Tāne-Muhata and his brother were ecstatic that this little bird was willing to save the forest but wanted to warn them about what they’d be sacrificing. If the kiwi committed to this, they’d have to grow big, strong back legs, and they’d lose their colorful wings. This would mean that they’d never be able to return to the roof of the forest. They’d never see the light in the same way ever again. Explaining this, Tāne-Muhata asked the kiwi once again if they were willing to do it. The kiwi took one last look at the other colorful birds that filled the sky and the way the sunlight danced through the treetops and said their silent goodbyes before confirming that they would.
Overjoyed that this small bird would give up so much to save the forest, the Tāne-Muhata decided to punish the other birds that had come up with excuses. For the tui who was too afraid of the dark, he put two white feathers on their chest, the mark of a coward. For the pukeko who didn’t want to get their feet wet, they were sent to live in the swamp. For the pipiwharauroa who were too busy building their nest, they were forbidden from building their own and could only lay eggs in other birds’ nests. The kiwi, on the other hand, for its outstanding bravery, was promised to be the most loved and known bird of them all.
I’ve always thought that the sisters of fate had a twisted sense of humor. It’s the only explanation I could find as to why when my health finally became manageable, my mother’s turned for the worse. I was in middle school when I noticed the switch. I was fresh out of a wheelchair and excited to finally start experiencing all of the things I heard about from my peers. But while the other kids were worrying about band or sports, I found myself rushing to and from school to make sure my mother had taken her medicine and to prepare her meals.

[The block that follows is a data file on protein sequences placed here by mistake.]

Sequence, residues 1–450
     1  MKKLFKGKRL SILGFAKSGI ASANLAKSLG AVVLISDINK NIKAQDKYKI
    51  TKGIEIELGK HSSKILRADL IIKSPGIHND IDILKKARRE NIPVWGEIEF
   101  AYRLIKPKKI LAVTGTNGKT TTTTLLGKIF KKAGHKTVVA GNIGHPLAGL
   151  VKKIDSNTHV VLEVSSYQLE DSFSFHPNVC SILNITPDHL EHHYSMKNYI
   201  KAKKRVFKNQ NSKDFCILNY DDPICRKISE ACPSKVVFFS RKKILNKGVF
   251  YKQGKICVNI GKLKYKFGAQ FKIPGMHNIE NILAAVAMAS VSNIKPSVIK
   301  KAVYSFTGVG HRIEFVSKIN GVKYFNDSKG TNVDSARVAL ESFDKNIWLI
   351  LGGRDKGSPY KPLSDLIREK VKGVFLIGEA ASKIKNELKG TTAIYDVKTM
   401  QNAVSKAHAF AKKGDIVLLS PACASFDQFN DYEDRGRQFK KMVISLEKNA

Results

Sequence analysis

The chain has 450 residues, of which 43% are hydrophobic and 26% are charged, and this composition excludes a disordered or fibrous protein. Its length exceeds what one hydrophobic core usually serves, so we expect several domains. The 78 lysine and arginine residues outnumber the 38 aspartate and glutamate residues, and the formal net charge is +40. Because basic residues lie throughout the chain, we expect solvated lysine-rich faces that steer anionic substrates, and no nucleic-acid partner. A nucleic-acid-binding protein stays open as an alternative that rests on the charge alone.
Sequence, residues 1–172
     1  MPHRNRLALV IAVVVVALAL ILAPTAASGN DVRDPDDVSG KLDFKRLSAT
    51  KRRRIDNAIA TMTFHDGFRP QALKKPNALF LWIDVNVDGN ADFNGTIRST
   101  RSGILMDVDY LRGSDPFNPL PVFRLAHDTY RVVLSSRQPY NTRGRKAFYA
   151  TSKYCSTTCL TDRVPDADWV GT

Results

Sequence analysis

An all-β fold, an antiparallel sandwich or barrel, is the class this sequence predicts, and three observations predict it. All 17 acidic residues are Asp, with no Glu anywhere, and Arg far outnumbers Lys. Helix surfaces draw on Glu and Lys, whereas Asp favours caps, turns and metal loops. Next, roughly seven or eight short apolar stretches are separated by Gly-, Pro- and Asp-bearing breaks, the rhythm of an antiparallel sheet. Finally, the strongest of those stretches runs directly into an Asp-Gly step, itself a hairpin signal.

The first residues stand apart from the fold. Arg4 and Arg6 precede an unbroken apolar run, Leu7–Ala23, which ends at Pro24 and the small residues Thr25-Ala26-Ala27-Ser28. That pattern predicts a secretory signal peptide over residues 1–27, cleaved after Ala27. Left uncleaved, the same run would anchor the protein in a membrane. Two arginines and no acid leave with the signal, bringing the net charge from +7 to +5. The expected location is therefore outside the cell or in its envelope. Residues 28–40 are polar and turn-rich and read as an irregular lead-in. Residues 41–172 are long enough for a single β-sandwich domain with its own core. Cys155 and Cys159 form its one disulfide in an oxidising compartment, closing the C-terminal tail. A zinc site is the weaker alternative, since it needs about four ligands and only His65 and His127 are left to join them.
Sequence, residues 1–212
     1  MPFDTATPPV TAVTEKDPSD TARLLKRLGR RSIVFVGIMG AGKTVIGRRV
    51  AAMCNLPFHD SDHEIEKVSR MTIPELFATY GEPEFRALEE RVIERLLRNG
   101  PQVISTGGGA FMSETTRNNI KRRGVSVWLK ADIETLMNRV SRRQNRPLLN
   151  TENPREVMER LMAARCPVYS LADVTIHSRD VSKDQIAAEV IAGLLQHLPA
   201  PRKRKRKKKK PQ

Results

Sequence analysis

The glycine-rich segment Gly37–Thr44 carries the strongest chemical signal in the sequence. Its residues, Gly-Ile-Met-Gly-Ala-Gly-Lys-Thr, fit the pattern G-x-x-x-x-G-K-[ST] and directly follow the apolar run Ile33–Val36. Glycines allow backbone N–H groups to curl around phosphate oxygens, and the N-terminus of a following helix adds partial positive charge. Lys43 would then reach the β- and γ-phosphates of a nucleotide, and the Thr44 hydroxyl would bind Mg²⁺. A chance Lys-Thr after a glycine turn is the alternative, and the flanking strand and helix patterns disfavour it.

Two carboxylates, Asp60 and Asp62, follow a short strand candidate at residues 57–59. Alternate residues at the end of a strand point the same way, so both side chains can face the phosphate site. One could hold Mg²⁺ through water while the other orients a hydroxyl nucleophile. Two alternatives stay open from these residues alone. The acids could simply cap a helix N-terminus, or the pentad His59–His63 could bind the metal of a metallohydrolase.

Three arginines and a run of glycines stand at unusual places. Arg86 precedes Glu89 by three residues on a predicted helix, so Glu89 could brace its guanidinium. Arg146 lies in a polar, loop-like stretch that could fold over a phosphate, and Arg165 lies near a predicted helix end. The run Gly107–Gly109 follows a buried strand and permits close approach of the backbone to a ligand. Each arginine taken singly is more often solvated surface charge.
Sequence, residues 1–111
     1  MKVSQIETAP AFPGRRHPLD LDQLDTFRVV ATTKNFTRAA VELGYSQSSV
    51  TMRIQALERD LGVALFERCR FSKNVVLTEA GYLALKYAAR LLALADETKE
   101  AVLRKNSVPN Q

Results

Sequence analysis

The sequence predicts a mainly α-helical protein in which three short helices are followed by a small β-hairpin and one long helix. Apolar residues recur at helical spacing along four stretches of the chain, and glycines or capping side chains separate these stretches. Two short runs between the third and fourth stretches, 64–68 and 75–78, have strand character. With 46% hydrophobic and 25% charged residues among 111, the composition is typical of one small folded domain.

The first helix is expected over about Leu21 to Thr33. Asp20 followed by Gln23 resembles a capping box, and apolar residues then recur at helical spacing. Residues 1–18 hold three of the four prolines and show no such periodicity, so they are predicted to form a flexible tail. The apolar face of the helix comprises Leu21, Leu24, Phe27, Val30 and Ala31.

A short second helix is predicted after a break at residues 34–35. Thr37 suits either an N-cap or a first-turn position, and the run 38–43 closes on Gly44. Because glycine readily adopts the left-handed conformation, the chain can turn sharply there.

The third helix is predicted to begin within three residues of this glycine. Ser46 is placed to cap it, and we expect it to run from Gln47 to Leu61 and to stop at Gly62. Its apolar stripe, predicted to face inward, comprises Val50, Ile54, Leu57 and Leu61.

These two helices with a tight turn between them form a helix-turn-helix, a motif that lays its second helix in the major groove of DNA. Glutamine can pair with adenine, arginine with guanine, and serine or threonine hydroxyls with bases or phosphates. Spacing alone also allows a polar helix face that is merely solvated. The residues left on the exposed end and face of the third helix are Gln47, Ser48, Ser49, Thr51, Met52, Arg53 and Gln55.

I often wondered if it was payback for being an unhealthy child. I wondered if I had tried a little harder, if I had pushed myself a little more even when I wasn’t feeling well, if I hadn’t made my mother sick with worry at so many turns, if then she would be healthier now.
I wasn’t magically cured, so of course I still had to work hard to manage my own health. There were days that were difficult to handle. But regardless of how much pain I was in myself, my priority had to be her. I’m not an only child, but I am the youngest and was the only one left living at home during this time. I have four older siblings, and they each gave their reasons as to why they couldn’t help. They were too busy with work, or their own families, or they simply didn’t get along well enough with my mother.
I never blamed them, and I was more than willing to take care of my mother by myself. She provided food and shelter, and she’d taken care of me when I was younger and couldn’t take care of myself. I considered taking care of her as a sort of compensation because I was certainly not an easy child to bring up. But sometimes I would look at my siblings living their own lives and wonder if I would ever get the chance. I missed out on a lot of the normal milestones that come in the teen years, many that I still haven’t caught up on. I watched them fly through life from afar.